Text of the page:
I’ve had many opportunities to think about perfectionism lately. Being from a family of overachievers, I struggled with it from toddlerhood. I keep thinking I have it in the bag but … not so true.

I remember mimicking other teenagers when I first immigrated to America. The stress to fit in was so great, I would cry walking home from high school. Maybe if I was perfect, I would get invited to sleepovers. Instead, I got a red nose and pimples from the stress and sleep deprivation.

I remember the time I said to my first husband, Numero Uno perfectionist art director, “I’m not a size 4. I’m a size 8. Get over it. I have.” There was a wonderful freedom in that statement. He wasn’t so sure. “You could eat less,” was his response. Spaghetti Carbonara or perfection? Not a difficult decision. My stranglehold on perfection slipped.

I remember the interview for admissions to an educational program. They asked, “What do you want to get out of the program?” I said, “I want to be a B student.” Their mouths fell open. They looked kind of dumbfounded.  I had gone through graduate school with a 4.0 GPA and just didn’t want to waste energy making As in everything. I had a pinkie finger hold on perfectionism.

In my counseling practice, my yoga classes, and teaching positions, I emphasized the thoughtful use of energy. Along the lines of, “You have 100 units of energy in a day, a week, a month, year, or lifetime, and you decide how you allocate your resources.” Most people would look at me with a blank face but some people would get it – start prioritizing what they were doing, how they were using their time and energy.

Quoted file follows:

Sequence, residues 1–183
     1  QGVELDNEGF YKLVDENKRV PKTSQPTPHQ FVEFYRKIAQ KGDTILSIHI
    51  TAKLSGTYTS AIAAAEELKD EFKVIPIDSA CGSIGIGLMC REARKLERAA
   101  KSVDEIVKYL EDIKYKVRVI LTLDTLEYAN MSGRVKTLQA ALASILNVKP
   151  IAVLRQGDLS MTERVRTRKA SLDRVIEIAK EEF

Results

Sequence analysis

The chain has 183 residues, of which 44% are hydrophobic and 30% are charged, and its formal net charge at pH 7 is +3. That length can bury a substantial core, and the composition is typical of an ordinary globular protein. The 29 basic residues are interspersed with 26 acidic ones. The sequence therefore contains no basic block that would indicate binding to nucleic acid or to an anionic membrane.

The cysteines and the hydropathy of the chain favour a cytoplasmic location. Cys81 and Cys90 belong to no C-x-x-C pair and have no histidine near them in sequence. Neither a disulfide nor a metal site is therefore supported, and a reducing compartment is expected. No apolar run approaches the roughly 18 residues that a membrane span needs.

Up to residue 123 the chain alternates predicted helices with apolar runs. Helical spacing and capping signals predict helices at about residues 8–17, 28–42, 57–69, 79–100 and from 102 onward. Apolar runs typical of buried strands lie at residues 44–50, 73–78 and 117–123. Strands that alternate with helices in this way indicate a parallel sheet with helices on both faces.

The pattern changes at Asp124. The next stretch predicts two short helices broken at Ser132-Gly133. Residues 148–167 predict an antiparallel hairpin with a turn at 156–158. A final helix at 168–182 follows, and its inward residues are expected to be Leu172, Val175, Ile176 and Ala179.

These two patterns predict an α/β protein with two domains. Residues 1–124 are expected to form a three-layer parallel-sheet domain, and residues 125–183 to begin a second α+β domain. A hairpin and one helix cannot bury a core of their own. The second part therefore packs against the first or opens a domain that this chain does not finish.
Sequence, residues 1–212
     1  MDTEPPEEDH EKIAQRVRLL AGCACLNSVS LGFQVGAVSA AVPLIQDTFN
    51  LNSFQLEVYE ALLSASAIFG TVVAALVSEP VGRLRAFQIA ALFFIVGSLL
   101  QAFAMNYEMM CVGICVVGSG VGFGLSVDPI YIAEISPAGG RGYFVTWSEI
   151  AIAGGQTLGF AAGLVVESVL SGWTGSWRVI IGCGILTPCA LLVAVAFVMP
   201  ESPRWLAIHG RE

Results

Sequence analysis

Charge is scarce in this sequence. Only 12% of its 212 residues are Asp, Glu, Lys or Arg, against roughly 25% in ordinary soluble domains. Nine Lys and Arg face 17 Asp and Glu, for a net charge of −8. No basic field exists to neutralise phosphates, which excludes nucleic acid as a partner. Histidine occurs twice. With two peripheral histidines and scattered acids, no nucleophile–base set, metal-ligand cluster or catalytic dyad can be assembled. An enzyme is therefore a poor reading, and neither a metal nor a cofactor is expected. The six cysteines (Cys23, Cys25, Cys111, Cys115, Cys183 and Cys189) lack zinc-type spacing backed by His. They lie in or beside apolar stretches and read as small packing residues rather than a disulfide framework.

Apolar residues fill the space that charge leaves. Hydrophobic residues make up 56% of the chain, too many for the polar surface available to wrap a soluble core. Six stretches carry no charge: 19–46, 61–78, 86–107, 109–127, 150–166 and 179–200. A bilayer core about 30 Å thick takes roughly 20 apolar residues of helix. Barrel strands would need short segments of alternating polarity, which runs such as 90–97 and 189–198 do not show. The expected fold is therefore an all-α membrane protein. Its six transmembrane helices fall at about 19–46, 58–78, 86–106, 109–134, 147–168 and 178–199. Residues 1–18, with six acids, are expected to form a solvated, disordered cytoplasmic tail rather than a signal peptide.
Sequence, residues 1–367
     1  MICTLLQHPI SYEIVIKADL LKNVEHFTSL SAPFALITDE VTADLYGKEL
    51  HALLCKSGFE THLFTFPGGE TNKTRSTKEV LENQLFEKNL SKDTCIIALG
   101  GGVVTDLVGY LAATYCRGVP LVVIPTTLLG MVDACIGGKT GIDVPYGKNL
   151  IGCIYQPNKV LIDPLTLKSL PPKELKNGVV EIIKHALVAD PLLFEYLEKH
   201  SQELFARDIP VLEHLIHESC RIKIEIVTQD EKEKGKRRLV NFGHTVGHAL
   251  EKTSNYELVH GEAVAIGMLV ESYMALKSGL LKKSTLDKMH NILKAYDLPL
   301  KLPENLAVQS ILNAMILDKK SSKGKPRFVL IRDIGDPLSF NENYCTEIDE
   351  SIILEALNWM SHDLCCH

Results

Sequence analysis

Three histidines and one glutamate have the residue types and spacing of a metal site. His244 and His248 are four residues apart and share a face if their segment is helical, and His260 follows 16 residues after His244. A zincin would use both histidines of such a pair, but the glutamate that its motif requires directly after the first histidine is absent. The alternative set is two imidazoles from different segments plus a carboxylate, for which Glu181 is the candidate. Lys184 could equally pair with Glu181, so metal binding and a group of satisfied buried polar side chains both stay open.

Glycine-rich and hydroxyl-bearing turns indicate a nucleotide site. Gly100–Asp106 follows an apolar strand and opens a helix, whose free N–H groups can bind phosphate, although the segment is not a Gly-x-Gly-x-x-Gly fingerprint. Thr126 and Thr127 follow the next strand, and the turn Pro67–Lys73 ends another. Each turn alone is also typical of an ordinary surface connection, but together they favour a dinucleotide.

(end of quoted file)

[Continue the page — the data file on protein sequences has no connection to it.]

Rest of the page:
Then this year, some of my favorite celebrities died. Alan Rickman. David Bowie. Some friends and clients died or developed major health setbacks. An epiphany slapped me in the face. “Damn, this life is finite. I really don’t have time for perfectionism.”

That’s not saying I’m a slacker. Well not most days. I still like taking a day out of each vacation and spending it in my pajamas. I can plop down in front of the SCIFY channel for a good six plus hours with a bag of chips. I am proud of myself for letting myself enjoy those times without judgment. At some point, I get up, stretch, and do something productive. But I’m not exhausted with the continuing judgment of Being The Perfect Whatever (you fill in the blank).  Most things in life are not perfect and don’t need to be perfect.

I think I wanted to be perfect because I was afraid. Being me wasn’t enough. If I picked up a new career, friend, lover, hobby, I had to be perfect at it right away. Immigrant, curvy, bad hair, dyslexic me is ImPerfect. Seeing that on the screen makes me cringe. Now I want to be Good Enough.

Last holiday time, I gave a reading from my book and it was awful. Really awful. I stuttered. I stammered. I lost my place. I forgot my own story. When I finished, the packed bazaar was silent. Good bloody grief. Perfectionism triggered flop sweat. I wiped it off and joined the other authors in a dance lesson around the bazaar. It was okay. No one died. I didn’t sell any books but next time …

Life will go on. And life will be easier and more productive if I am not using my energy on the impossible goal of perfectionism.

Do you struggle with perfectionism?

“Now?” “No not yet.”

blog41

When anyone asks me to describe my childhood, I have a stock answer. “We had a childhood written by Stephen King starring Cruella DeVille and Captain Ahab.” That usually shuts them up. It’s painful when you don’t have the All-American-Family portrayed by Norman Rockwell. I have the European-Holocaust-AbsentShipCaptain-family portrayed by Bosch and Dali.